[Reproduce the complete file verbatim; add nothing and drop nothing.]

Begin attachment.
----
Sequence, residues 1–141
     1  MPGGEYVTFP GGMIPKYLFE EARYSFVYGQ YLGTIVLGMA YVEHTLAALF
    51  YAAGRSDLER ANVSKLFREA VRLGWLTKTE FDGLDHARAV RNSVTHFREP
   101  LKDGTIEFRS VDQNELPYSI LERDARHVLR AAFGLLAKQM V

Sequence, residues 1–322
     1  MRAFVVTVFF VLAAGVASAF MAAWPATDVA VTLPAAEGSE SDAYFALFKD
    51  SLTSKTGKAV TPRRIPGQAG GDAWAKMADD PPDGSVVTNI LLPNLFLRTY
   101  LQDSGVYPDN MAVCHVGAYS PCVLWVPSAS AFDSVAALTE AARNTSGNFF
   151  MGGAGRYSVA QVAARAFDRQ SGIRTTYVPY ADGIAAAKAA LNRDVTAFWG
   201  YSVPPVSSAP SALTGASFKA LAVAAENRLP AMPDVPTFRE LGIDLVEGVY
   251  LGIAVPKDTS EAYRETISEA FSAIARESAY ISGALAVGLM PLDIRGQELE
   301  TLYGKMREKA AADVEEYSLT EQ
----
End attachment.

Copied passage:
Sequence, residues 1–141
     1  MPGGEYVTFP GGMIPKYLFE EARYSFVYGQ YLGTIVLGMA YVEHTLAALF
    51  YAAGRSDLER ANVSKLFREA VRLGWLTKTE FDGLDHARAV RNSVTHFREP
   101  LKDGTIEFRS VDQNELPYSI LERDARHVLR AAFGLLAKQM V

Sequence, residues 1–322
     1  MRAFVVTVFF VLAAGVASAF MAAWPATDVA VTLPAAEGSE SDAYFALFKD
    51  SLTSKTGKAV TPRRIPGQAG GDAWAKMADD PPDGSVVTNI LLPNLFLRTY
   101  LQDSGVYPDN MAVCHVGAYS PCVLWVPSAS AFDSVAALTE AARNTSGNFF
   151  MGGAGRYSVA QVAARAFDRQ SGIRTTYVPY ADGIAAAKAA LNRDVTAFWG
   201  YSVPPVSSAP SALTGASFKA LAVAAENRLP AMPDVPTFRE LGIDLVEGVY
   251  LGIAVPKDTS EAYRETISEA FSAIARESAY ISGALAVGLM PLDIRGQELE
   301  TLYGKMREKA AADVEEYSLT EQ